Art photographer’s journey from Berlin to Christchurch
Ground Water Mirror, on display in the Ilam gallery at the University of Canterbury (UC) School of Fine Arts until 19 July, features work by UC’s new photography lecturer Conor Clarke.
Clarke returns to Aotearoa New Zealand after 10 years of working in Berlin.
“I travelled there spontaneously to visit a friend from art school, and ended up staying for 10 years,” she says.
“Berlin is sticky like that, and at that time, it was really affordable. The photography-art-social scene over there is pretty overwhelming. I found I had to be quite disciplined in terms of what I chose to see or do in order to make time for my own practice.”
Originally from Auckland, Clarke sees some parallels between Berlin and her newly adopted city.
“Berlin is a city that is permanently under construction. Cranes and shifting earth and lots of potential. Post-quake Christchurch has something of that feeling about it too, but in a different way, of course.”
Of Ngāi Tahu, Scottish and Welsh descent, Clarke is interested in attitudes towards nature that evolved during the Romantic era and continue to dominate western ideology, creating a false divide between nature and people. The exhibition features a series of photographs shot on medium-format analogue film with a Mamiya RZ67 that contribute to a wider project involving video and sound.
“I’m interested in learned cultural associations and definitions that mediate our experience of the real, physical world, and why this is problematic in times of climate crisis in its positioning of nature in opposition to ourselves,” she says.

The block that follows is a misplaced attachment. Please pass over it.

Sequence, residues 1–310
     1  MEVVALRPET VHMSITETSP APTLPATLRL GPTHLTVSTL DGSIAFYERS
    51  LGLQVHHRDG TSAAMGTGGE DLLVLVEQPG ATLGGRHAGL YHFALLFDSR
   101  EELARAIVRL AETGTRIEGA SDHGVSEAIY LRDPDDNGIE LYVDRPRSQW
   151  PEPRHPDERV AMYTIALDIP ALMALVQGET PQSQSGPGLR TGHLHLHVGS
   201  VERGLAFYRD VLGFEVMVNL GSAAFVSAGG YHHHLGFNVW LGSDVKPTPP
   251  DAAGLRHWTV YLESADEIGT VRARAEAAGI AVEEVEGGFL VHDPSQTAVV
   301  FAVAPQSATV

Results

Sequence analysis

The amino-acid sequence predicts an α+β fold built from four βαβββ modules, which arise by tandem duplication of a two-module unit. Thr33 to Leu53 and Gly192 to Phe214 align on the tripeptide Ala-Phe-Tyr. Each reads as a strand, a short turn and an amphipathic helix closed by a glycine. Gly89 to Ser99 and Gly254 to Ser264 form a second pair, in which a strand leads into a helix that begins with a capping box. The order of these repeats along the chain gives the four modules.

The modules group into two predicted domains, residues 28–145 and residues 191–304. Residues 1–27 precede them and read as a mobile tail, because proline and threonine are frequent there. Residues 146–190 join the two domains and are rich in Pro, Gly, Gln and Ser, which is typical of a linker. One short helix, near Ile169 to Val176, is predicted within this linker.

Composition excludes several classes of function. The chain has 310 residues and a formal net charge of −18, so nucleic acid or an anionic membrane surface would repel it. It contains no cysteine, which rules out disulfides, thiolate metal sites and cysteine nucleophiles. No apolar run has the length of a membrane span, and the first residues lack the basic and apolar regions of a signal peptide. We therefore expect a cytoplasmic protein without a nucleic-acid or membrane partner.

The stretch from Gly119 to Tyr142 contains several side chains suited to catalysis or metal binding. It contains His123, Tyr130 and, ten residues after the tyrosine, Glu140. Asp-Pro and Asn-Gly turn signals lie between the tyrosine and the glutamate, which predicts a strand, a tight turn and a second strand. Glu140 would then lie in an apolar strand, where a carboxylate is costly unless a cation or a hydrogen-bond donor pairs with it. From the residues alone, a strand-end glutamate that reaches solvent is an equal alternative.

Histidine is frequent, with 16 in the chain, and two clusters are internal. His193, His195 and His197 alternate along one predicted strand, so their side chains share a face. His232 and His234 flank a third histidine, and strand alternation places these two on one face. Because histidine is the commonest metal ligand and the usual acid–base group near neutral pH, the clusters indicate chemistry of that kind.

The exhibition is part of a body of work called Ground Water Mirror that originated in Berlin “over a conversation about the flavour of blue ice cream”, and evolved during a five-month residency in Whanganui.
“I tried to avoid applying any preconceived concept or rigid visual aesthetic as I have in the past, especially in my approach to Whanganui. The result is a seemingly scattered array of subjects, but with motifs that repeat throughout including mountain peaks, waterfalls, waterbodies, black sand and chains – all highly valued typologies in nature, except the latter, a reference to the surveyor’s chain.
“I draw similarities between contemplation of the natural world as a solution to urban life, as well as its evaluation as a natural resource. The project is essentially about the concept of nature and the act of looking at it.”
Clarke starts at UC ready for Semester 2 of 2019 and is most looking forward to “being able to talk about photography all day!”
Ground Water Mirror exhibition by Conor Clarke runs until 19 July at Ilam Gallery, School of Fine Arts, Ilam campus, University of Canterbury, Christchurch.
-University of Canterbury